However, the important task that was at hand, and the main reason that Paul, Martyn and Mark S were present, was to give the Class 24 a shakedown after its bogie overhaul. 5081 had also had a refurbished triple pump fitted, the cabs cleaned, seats cleaned and a few smaller, niggly issues dealt with whilst out of action. Sadly the loco had suffered from its near two years of inactivity and it appeared that the batteries were affected and not keeping sufficient charge. The plan was to charge the batteries fully and then, if a path was available, to take it on a test run to Winchcombe and back to check the ride quality as well as the braking when running at speed and not at 5mph in the yard!

5081 on charge before being pulled out of the shed to be prepped for a test run to Winchcombe.

5081 sits at the end of siding 1 waiting for a path to be available. Taken from the rear cab of 47376.
Sadly, I am not sure of the outcome of 5081's test run as I was crewing 47376 however, the loco made it back to the shed safely so I would hazard a guess that it seemed to go quite well. Further good news is that the Class 24, barring any other issues arising, has been rostered for use in June. It will be good to see this popular loco back in service.

Another loco on the comeback trail is DES, our shunter. More work has been completed on refitting the centre axle and the brake rigging. The axle casing had gone on well and the loco was dropped onto its wheelset with little fuss. At the beginning of May the small group had managed to get DES over the pit in order to check everything was where it should be and to take some measurements to align the brakes. It will then be on to jacking one end of DES in order to rotate the wheels to align the crankpins before refitting the rods. Photos are courtesy of co-owner Paul Jones.


The axle box back in place and greased up. (P. Jones)

Chris checks that everything is where it should be. (P. Jones)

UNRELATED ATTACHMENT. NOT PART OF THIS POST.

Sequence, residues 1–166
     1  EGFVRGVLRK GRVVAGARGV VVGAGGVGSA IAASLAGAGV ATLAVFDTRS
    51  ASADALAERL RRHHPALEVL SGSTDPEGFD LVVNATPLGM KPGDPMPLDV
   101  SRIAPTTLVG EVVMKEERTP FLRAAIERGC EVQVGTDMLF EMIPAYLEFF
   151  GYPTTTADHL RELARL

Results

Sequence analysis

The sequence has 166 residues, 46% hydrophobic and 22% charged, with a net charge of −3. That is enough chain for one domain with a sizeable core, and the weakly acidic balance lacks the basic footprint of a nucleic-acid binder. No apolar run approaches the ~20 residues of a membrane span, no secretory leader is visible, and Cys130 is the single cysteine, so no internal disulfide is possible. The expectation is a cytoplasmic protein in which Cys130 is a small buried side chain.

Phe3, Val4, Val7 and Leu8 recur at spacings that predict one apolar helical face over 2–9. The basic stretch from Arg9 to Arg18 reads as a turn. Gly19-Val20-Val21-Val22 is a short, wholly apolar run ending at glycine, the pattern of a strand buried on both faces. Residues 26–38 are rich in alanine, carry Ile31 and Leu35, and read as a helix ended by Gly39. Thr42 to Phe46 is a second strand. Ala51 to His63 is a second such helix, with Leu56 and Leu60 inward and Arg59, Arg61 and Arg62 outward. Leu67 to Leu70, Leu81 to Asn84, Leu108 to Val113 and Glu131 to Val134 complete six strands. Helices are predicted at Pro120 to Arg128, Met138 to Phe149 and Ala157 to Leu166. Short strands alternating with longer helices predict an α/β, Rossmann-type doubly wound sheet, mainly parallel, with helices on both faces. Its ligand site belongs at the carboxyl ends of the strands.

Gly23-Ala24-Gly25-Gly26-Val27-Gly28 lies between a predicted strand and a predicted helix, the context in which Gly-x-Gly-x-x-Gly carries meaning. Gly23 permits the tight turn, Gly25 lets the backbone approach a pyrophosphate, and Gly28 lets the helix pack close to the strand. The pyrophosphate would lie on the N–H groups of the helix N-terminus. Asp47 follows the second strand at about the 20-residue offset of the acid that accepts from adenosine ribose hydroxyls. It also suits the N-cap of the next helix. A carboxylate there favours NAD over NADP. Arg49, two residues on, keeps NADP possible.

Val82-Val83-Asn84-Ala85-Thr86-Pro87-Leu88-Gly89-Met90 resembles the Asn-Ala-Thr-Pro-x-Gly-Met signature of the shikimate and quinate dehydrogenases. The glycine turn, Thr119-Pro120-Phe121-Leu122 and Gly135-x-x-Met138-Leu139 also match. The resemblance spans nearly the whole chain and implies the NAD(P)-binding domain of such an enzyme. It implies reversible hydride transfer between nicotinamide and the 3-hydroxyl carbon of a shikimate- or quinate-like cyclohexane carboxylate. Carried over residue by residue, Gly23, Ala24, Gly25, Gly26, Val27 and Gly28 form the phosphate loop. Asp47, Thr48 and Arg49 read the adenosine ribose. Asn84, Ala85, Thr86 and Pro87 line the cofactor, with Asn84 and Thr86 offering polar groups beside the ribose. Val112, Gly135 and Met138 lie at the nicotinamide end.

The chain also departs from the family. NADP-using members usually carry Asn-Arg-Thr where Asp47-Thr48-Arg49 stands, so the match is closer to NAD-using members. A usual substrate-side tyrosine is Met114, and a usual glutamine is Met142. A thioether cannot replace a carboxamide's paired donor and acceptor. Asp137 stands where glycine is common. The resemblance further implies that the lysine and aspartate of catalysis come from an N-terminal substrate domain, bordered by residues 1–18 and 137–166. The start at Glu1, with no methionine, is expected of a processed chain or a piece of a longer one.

A sight the everyday punter never gets to see. (P. Jones)

Just the rods to go back on! (P.Jones)
DES getting close to being back in service is timely as there are ongoing issues with both of our Class 04 shunters. 11230, our Class 04 lookalike, has had ongoing issues with its gearbox with several gears unavailable or difficult to engage. This has now got to a point where it is affecting its ability to operate properly. D2280, our 'real' Class 04, was quickly rushed into service to cover for DES and is in need of a proper overhaul and a check on its wheelsets. It has been restricted to yard work only since arriving with its owner trying to get work done inbetween it being used quite extensively. DES' imminent return will allow pressure to be eased on the other shunters and allow them to be removed from service to have corrective maintenance.

Elsewhere on the 8th May, Tony R was the sole representative of the CMDG on site (others had been around the previous day) and he was busy removing items and clearing out the groups Fruit D van which had been loaned from one of the railways early benefactors. He is wanting the wagon back so the CMDG have purchased a new container for storage and as a workshop. While I was waiting for crew time I wondered on over to give him a hand.
The CMDG's temporary storage and workshop van. A former GWR Fruit D van.


Some of the spares for categorising and logging.

Spares, rubbish and general stuff.


The new container/workshop. 
The new container will allow the group to undertake work in a cleaner and drier environment as well as having more space and light. This will include ongoing work with the Class 26, D5343 and Class 45, 45149. A long way from the conditions of D5343's restoration. The following photo is courtesy of Andy Bright and the Glory Days of Diesel Facebook group. Thanks Andy.


26043 fresh from Inverness awaiting its restoration. (A. Bright)
We also had a visit from one of our volunteers who continues to prove that, regardless of ability, there is a role or task for everyone at the railway. Jamie is the son of another of our volunteers, who has links with many of the original members of the Diesel Department and across the railway. Jamie has moderate learning difficulties but, when he can attend and help out, whether with his Dad or, as in this case, with his Mum, he enjoys nothing more than throwing himself into whatever tasks need doing. There are always a number of odd little jobs that suit Jamie down to the ground and gets him helping out towards the bigger jobs undertaking by the more skilled and knowledgeable members of the department.